Leicester: 48 hours in the home city of the new Premier League champions

Spend some extra time in the home town of the season’s unlikely title winners

Simon Calder
Travel Correspondent
Tuesday 03 May 2016 08:21 BST
A satellite truck transmits the spirit of Leicester to the world
A satellite truck transmits the spirit of Leicester to the world (Simon Calder)

Why go now?

One of the greatest stories in travel began in Leicester 175 years ago, when Thomas Cook organised his first excursion: a Temperance awayday to Loughborough.

And one of the greatest stories in football reached its climax on 2 May, when Claudio Ranieri’s Leicester City FC won the Premier League for the first time in their history.

Common to both Cook and Ranieri: a global outlook, a belief in teamwork and a recognition of strength in diversity - virtues that are reflected in Leicester itself. The East Midlands city is well worth two days of your time.

Touch down

Leicester railway station (1) is astride the Midland mainline from London St Pancras to Sheffield, and just over an hour from either city. There are also direct trains from Birmingham, Cambridge and many other towns and cities. Schedules and fares are available on 03457 48 49 50 or at nationalrail.co.uk.

East Midlands airport is 18 miles north-west of the city centre; a campaign is under way to re-brand it as Leicester airport. The Leicester Skylink bus takes 53 minutes, so it may be quicker to get a bus to nearby East Midlands Parkway station and travel by train from there.

Leicester players celebrate winning the Premier League

Get your bearings

The usual combination of Luftwaffe bombing along with dismal post-war planning has left Leicester’s medieval heart scarred. A sequence of main roads forms an inner ring in roughly the shape of a diamond, separating the city centre from its surroundings - and the railway station (1). There is plenty of interest within the central area, with the Cathedral (2) and the Town Hall (3) useful landmarks. The ruins of the Castle (4) lie just to the west, alongside the River Soar. The revived West End area is south-west along Narborough Road (5). The main artery of the area where East African Asians settled in the 1960s and 70s is Belgrave Road (6), also known as the “Golden Mile”. In recent months the focus of the world has shifted to a new structure beside a patch of industrial semi-dereliction a mile south of the centre: the King Power Stadium (7), home to Leicester City FC.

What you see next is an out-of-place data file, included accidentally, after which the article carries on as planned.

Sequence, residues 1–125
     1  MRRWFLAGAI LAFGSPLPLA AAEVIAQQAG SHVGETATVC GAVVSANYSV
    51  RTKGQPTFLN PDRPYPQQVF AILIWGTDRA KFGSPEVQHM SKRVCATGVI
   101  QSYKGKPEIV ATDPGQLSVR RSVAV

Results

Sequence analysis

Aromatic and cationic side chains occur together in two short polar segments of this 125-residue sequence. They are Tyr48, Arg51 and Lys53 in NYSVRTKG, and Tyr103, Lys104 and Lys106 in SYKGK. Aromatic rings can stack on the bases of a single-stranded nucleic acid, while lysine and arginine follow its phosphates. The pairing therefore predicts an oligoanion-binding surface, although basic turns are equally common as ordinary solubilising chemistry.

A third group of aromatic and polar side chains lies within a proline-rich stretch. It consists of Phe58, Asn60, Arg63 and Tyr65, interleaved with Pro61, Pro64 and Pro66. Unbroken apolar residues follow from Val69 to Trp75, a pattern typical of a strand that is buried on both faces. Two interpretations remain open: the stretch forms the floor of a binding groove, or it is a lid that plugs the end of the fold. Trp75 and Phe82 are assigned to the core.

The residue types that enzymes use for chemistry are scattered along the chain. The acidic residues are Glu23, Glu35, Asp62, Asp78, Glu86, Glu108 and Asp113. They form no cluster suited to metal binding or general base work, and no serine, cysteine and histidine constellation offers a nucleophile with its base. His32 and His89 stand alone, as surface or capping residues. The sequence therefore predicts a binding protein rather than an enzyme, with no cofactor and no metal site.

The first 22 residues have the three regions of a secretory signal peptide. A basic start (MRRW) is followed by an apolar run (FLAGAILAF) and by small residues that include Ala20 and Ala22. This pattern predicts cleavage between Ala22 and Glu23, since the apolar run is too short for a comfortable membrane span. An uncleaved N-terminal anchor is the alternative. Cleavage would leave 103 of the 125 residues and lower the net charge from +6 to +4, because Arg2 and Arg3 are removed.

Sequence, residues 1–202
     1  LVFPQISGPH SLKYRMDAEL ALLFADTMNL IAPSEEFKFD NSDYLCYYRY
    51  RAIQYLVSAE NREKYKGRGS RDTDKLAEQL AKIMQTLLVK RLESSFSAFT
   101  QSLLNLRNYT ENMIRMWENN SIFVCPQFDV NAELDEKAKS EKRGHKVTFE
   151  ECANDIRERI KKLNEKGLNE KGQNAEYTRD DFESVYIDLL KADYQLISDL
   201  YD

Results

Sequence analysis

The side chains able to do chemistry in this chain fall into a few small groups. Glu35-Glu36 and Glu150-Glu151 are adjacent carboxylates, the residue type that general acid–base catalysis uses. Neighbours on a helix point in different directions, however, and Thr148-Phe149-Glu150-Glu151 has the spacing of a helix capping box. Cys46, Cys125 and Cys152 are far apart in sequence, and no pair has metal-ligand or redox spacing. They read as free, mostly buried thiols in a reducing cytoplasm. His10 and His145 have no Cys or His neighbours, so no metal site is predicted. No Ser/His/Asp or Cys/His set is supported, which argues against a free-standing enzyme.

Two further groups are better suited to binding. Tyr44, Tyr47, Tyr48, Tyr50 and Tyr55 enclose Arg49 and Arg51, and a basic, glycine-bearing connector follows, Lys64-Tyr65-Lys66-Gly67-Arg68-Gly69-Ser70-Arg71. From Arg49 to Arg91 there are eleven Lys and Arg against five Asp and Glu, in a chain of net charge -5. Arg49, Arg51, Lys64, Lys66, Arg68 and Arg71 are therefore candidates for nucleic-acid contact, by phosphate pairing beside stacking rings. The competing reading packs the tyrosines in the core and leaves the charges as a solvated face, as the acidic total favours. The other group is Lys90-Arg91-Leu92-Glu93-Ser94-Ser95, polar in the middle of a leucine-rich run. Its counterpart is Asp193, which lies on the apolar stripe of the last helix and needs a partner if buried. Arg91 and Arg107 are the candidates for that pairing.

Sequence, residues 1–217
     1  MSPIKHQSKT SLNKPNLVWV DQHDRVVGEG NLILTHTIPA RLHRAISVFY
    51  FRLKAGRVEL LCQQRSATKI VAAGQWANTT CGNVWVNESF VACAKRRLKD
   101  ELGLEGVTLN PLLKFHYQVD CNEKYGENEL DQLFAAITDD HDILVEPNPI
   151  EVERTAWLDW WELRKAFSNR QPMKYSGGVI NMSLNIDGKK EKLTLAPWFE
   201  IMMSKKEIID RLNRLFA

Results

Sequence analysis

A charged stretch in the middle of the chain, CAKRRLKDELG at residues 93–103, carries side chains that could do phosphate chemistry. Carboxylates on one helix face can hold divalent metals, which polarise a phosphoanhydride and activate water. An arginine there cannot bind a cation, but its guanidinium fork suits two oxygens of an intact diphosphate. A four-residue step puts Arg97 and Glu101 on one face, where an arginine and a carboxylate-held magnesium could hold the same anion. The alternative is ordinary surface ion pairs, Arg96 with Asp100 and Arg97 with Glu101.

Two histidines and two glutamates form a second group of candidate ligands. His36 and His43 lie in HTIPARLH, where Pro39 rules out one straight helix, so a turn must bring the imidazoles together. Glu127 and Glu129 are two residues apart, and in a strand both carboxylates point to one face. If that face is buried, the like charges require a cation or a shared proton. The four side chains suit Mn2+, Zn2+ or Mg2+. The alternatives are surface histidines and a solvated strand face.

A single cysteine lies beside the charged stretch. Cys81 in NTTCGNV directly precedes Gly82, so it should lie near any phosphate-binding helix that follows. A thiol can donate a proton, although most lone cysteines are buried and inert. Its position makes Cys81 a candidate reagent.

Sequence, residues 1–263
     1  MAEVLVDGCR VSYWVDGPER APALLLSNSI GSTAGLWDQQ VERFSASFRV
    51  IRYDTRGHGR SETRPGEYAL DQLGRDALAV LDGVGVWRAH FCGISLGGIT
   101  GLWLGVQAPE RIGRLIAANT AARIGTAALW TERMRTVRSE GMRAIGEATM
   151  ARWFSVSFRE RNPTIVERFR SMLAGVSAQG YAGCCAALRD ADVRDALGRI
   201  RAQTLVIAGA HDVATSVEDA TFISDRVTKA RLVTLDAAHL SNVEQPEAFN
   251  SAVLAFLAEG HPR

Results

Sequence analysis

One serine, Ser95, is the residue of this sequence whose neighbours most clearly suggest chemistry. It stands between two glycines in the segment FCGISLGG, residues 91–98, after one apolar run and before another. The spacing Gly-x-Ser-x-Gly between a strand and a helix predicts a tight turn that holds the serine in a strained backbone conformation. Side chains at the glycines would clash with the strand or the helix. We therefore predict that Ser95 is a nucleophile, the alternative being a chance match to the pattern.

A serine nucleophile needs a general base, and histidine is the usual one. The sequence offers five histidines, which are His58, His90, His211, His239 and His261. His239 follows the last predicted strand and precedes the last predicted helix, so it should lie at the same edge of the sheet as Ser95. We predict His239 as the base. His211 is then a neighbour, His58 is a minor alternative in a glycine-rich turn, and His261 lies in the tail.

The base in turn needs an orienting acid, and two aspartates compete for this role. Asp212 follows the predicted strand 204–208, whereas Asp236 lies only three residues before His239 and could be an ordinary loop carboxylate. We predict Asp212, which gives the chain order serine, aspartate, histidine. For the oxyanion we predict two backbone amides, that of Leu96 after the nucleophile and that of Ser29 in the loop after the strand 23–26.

Visit Leicester (8) is at 51 Gallowtree Gate (0116 299 4444; visitleicester.info). It opens 9.30am-5.30pm daily (10am-4pm on Sundays).

Check in

The Grand Hotel (9), which dominates Granby Street (0844 815 9012; mercureleicester.co.uk) now labours under the title Mercure Leicester The Grand Hotel, but its extravagant Victorian flourishes remain undimmed. A double room typically costs £109, with breakfast an extra £10 per person.

The city-centre boutique choice is the Hotel Maiyango (10) at 13-21 St Nicholas Place (0116 251 88 98; maiyango.com), which also includes a restaurant and a tasting room. Web rates start at £79 double - with a Sunday-night special of £109 for two including a three-course dinner.

Football fans who want to stay as close as possible to the home of Leicester City (7) can check into the Holiday Inn Express adjacent to the ground (0116 249 4590; exhileicester.co.uk), where doubles are typically £77.

Day One

Take a hike

Turn right when you leave Leicester station (1) and you bump into the king of travel, Thomas Cook. The statue commemorates the man who, starting in 1841, revolutionised the travel industry. Cross the busy ring road and head along Granby Street. Pop into the Grand Hotel (9) to admire the flamboyant public spaces, and see if the French Gothic Revival-style Leicestershire Banking Company (11) is open; it is now owned by the Hare Krishna movement, but is sometimes open to the public. The street becomes Gallowtree Gate, and aims towards the handsome Haymarket clock tower (12). Just before it, on the right, is a statue called Sporting Success, featuring cricket and rugby as well as football. Directly opposite, above the Foot Locker store, is the former HQ of Thomas Cook - with reliefs depicting the entrepreneur’s transportational achievements.